Tuesday, November 22, 2011

Believe what you read in the paper.

         My marketing students seem to know more about the San Francisco Chronicle than the Chronicle does.

          Every term I buy 20 copies of the paper and pass them out to the class. Their job is to come up with ideas to save the Chron. American newspapers are in trouble. It's been estimated the last paper will be thrown on someone's front steps in the year 2043.

          My students don't have any trouble with the exercise. They can see why newspapers have lost readers under 30.They also know how to change the paper into something desirable.

          Most of what they suggest involves the product itself. It simply isn't helpful or relevant to them. They know how to make it interesting, and they say so.  For example, if it looked and read like a magazine. If it was more about people, new ideas, and entertainment. Then, when I ask them if the Chronicle made all their changes and did everything they asked, would they read it...about half are not sure.

          I love newspapers. When I was about seven and the paperboy slammed the Chicago Herald-American against the back door of our apartment, I'd quickly bring it in the house to read all the news that Hearst saw fit to print. It was fun. Most of the other people in our building got the Chicago Daily News in the afternoon, the liberal paper. Mine, with all its scandals, was far more exciting to a kid. That's when my love for writing began.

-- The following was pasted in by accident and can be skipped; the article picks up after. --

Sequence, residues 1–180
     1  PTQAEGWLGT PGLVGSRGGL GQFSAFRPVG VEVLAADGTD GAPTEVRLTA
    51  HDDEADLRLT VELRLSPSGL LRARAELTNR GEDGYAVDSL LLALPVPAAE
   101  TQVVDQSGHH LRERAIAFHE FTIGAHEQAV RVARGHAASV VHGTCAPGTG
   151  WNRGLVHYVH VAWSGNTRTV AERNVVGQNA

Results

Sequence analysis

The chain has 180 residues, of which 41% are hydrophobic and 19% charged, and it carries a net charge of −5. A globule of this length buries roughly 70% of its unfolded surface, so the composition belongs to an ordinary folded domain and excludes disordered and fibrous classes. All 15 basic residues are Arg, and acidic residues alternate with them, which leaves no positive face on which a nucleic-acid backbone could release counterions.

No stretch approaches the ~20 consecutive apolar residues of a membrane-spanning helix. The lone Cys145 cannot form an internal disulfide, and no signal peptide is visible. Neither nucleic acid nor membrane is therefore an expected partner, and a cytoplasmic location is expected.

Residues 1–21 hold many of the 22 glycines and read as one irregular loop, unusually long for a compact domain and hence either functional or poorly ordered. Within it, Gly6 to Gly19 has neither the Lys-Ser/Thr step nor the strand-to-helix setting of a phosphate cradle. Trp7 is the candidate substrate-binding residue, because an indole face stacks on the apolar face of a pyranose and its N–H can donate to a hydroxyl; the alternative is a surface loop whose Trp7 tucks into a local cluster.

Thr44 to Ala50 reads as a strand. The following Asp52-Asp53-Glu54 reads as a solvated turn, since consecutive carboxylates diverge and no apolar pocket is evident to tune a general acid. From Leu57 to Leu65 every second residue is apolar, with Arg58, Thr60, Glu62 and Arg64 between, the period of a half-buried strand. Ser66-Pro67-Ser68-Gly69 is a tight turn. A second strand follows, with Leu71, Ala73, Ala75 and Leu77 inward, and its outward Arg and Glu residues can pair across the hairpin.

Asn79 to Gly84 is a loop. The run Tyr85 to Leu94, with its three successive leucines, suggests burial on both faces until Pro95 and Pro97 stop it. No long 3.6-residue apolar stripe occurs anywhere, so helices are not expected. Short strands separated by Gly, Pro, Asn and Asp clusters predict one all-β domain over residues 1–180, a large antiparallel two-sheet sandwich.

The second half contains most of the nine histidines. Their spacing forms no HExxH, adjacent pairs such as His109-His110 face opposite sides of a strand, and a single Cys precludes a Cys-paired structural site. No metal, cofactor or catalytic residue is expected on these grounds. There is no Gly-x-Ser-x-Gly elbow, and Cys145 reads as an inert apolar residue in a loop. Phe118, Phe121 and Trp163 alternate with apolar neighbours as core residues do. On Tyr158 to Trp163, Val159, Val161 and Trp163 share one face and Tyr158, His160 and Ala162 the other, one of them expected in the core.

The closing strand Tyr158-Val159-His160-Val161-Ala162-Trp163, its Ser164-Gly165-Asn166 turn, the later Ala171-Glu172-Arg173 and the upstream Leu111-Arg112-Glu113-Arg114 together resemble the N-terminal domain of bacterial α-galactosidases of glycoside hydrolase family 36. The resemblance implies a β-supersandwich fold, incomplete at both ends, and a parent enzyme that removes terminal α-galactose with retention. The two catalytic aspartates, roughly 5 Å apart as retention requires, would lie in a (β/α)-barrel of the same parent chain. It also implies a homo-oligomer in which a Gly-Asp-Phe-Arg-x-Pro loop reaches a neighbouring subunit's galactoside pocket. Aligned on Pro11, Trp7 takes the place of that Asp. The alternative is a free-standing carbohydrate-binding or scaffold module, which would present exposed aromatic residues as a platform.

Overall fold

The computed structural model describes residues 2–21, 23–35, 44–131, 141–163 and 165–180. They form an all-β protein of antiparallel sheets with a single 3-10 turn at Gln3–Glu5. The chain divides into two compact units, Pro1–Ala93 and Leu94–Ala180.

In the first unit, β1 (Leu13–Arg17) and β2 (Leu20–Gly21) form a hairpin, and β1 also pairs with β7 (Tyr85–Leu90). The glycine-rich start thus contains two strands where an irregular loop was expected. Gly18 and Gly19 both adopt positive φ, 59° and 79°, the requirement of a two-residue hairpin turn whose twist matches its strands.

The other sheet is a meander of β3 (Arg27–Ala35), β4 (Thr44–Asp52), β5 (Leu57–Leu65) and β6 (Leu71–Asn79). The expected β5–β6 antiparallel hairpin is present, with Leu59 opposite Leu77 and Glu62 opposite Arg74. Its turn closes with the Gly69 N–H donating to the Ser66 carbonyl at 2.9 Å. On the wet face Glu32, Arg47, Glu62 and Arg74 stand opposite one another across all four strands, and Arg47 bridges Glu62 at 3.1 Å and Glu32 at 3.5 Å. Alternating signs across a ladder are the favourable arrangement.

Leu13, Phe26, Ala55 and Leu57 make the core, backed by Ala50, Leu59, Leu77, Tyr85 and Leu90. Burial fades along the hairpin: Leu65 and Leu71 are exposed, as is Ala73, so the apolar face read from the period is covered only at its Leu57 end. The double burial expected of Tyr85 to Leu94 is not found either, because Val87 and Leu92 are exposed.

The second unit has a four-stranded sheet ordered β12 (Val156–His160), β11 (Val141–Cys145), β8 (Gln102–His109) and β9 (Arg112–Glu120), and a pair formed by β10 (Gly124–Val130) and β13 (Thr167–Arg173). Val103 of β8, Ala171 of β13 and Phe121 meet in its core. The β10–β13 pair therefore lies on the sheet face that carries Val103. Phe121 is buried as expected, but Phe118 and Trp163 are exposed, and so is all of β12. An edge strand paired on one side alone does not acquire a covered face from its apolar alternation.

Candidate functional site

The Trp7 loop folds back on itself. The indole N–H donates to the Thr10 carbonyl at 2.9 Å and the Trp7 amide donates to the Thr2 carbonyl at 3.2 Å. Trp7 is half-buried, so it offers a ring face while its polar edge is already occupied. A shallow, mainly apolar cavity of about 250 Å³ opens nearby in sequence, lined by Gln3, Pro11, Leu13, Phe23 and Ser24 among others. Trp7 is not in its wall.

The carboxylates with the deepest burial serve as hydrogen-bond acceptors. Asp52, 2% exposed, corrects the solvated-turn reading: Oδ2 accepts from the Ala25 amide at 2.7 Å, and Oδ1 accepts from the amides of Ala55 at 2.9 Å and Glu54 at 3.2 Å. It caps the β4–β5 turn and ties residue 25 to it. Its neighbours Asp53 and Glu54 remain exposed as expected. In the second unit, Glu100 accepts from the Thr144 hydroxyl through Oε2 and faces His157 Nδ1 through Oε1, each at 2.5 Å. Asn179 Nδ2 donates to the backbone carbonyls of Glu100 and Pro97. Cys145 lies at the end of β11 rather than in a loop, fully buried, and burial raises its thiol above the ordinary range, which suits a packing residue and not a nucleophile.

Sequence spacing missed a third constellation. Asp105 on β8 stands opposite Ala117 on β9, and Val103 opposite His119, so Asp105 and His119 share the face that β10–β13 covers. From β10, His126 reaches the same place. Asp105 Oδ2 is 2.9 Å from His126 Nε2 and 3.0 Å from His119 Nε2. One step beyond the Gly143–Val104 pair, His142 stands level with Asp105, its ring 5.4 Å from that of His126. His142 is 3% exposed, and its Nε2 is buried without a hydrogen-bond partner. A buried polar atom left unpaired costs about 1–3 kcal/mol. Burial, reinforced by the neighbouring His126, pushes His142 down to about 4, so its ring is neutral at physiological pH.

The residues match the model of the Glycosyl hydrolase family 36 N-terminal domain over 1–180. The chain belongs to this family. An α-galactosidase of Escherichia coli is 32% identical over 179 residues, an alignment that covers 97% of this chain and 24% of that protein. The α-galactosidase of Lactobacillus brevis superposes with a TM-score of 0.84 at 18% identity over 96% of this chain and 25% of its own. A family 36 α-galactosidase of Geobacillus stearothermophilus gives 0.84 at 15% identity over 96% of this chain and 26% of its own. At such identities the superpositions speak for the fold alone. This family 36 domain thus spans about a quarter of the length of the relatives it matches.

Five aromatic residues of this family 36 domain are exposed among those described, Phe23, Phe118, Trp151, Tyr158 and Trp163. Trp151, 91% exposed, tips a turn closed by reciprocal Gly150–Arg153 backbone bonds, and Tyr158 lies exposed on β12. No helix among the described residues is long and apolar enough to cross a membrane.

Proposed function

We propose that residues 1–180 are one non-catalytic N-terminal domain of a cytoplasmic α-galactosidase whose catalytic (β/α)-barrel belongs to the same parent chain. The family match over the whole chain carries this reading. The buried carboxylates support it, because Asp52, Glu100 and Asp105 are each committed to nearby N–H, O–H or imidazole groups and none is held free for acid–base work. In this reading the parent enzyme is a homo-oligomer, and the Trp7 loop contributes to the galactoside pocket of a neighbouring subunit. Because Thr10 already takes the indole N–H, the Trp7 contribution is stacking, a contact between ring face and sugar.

In sixth grade I published a newspaper, The Room 313 Flash. I didn't have any way to print it, so I just typed one copy and put it on the bulletin board. The best part was the gossip column. In high school I switched to writing plays, but in college I was a journalism major and editor of a humor magazine. I'm an avid newspaper reader to this day --- two and sometimes three papers a day.

        Unlike my students. They check their computers every morning for the news. You don't have to fold them and you don't get ink on your hands. Then on to their cellphones, texting their way to school.

         I hope that newspapers will look around at some of the media that are doing well and learn a few lessons. My students can also tell them 20 or so ways to survive. If newspapers would be willing to re-think their mission and delivery system for 2012, they might turn things around.

        I'll believe it when I see it in the newspaper. And if anyone from the Chronicle is reading this, I'll set you up with my students. They have some terrific ideas.


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